The Radiation Therapy Oncology Group is evaluating the role of thalidomide (Thalomid) with radiation (RTOG 0330), in two cohorts of patients. The first is testing radiation and thalidomide alone preoperatively for low-grade extremity and trunk sarcomas. Following resection, tumors resected with a positive margin receive further radiation as a boost with thalidomide. All patients then receive an additional 6 months of thalidomide. For patients with intermediate- to high-grade tumors, radiation therapy and thalidomide are being interdigitated between three preoperative cycles of MAID chemotherapy (mesna, doxorubicin [Adriamycin], ifosfamide, dacarbazine). Following resection, postoperative radiation is given with thalidomide to those with positive margins, and thalidomide is continued for an additional 12 months. This study incorporates circulating endothelial cells as a potential biomarker of efficacy.

mTOR Inhibitors

mTOR is a central component of signaling pathways leading to induction of protein synthesis, cell proliferation, and cell-cycle progression (see Figure 1). Recently, temsirolimus (CCI-779) was shown to significantly improve overall survival in patients with renal cell carcinoma.[18] Okuno and colleagues evaluated this agent in metastatic soft-tissue sarcomas.[19] Chemotherapy-naive patients with advanced unresectable soft-tissue sarcomas were treated with weekly infusions of CCI-779. In 37 treated patients, there was only one partial response in a patient with fibrosarcoma. The median time to progression was estimated to be 2 months.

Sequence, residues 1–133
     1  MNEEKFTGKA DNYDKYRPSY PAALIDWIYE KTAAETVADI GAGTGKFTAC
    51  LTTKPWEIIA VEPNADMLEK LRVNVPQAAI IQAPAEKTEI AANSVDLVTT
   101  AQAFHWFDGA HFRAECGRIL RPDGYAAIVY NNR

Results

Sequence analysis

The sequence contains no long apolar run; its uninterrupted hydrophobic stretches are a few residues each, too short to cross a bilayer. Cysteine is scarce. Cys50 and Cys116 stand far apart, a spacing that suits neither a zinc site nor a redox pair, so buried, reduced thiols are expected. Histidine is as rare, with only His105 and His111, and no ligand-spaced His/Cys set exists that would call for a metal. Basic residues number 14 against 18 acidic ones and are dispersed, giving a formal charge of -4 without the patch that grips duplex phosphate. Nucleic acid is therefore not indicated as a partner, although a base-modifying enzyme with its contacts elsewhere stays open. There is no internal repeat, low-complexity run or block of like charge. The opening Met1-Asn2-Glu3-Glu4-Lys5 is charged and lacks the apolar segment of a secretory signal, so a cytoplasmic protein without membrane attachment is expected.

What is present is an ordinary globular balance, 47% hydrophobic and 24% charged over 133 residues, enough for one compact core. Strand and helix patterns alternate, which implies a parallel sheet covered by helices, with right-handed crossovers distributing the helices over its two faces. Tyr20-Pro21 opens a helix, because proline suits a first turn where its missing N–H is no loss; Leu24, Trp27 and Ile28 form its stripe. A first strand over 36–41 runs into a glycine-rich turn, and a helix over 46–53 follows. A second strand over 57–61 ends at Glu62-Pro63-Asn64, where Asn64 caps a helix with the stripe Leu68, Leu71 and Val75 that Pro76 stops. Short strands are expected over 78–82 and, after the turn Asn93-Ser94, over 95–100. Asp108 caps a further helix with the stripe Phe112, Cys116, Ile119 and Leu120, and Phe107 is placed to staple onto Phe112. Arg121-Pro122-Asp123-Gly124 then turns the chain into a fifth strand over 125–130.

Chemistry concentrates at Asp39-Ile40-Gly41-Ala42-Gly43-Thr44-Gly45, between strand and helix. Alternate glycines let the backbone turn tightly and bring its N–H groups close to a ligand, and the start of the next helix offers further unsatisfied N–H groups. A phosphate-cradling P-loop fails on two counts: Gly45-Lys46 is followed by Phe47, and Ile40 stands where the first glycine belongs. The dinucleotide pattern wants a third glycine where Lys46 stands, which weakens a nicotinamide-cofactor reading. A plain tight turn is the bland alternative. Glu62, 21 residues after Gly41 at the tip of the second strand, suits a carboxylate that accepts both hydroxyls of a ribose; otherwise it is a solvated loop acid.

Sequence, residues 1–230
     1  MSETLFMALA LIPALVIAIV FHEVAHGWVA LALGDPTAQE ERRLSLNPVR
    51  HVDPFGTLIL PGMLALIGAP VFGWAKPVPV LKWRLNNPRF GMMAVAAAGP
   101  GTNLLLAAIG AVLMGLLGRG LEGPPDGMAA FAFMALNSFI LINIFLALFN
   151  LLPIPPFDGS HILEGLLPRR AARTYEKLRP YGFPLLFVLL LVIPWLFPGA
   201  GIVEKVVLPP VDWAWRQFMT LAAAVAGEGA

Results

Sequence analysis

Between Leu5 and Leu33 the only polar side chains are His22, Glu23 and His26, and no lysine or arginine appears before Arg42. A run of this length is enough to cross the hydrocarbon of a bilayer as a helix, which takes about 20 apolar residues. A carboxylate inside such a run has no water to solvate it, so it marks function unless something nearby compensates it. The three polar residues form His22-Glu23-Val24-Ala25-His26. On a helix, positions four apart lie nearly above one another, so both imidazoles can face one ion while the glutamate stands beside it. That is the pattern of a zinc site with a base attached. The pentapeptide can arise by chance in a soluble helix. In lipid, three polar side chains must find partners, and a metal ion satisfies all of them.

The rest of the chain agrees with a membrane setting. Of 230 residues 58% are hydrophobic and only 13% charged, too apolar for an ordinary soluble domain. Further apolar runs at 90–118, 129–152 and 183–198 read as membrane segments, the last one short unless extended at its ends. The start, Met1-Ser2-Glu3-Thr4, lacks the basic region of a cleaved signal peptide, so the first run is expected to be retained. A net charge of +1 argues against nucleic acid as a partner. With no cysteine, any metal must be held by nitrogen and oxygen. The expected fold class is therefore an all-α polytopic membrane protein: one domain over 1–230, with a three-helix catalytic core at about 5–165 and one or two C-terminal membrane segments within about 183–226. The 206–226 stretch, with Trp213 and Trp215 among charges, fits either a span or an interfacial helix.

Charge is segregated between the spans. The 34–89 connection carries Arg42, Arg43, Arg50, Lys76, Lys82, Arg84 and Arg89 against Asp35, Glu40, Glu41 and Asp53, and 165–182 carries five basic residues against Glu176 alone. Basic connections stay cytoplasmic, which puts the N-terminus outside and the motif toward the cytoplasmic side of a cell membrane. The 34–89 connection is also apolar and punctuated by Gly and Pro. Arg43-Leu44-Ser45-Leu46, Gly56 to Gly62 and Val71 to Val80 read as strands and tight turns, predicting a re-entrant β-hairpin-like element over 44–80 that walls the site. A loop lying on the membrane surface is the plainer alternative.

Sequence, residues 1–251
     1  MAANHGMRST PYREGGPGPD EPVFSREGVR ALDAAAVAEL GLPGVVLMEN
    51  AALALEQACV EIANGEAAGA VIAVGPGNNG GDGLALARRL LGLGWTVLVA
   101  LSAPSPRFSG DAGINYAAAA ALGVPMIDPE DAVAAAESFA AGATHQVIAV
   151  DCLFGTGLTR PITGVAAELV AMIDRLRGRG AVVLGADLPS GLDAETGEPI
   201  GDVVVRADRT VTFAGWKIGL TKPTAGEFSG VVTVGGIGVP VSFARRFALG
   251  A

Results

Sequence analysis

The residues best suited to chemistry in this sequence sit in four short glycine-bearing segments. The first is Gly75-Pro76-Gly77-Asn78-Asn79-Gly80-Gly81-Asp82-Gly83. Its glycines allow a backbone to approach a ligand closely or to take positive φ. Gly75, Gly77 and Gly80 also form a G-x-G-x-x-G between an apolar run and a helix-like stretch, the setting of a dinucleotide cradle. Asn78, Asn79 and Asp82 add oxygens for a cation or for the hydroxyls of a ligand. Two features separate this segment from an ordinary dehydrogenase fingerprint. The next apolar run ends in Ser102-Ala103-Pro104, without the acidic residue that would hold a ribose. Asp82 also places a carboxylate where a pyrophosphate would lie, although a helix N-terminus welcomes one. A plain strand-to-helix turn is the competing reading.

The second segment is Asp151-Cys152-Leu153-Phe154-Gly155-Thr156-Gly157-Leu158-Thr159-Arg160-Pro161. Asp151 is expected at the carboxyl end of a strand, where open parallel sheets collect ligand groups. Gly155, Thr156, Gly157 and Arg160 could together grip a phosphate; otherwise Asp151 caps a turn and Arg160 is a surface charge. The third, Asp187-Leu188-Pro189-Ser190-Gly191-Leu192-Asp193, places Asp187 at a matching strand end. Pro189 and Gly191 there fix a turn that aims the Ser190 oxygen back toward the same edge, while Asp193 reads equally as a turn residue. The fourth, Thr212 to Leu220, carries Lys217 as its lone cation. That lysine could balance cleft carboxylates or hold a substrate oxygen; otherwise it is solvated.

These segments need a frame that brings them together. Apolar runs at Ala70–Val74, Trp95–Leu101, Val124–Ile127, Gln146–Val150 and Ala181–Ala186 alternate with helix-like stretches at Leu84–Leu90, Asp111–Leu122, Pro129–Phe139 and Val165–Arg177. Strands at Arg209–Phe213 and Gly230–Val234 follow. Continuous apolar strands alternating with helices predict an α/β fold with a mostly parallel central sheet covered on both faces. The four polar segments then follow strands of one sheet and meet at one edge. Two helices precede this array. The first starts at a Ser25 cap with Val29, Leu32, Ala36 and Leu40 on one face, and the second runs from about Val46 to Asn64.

In contrast, AP23573, an analog of rapamycin, demonstrated benefit in four patient cohorts-those with bone sarcomas, liposarcomas, leiomyosarcomas, and mixed soft-tissue sarcomas.[20] The agent is given intravenously daily for 5 days every other week. Similarly to CCI-779, AP23573 produced a low response rate, with four partial responses in the bone sarcoma cohort and one in the cohort of mixed sarcomas. However, 23% to 33% of patients also had a clinical benefit, defined as a measurable clinical response or stable disease for more than 4 months. This compares favorably with the progression-free survival rates for active drugs in sarcomas from data published by the European Organisation for Research and Treatment of Cancer (EORTC).[21]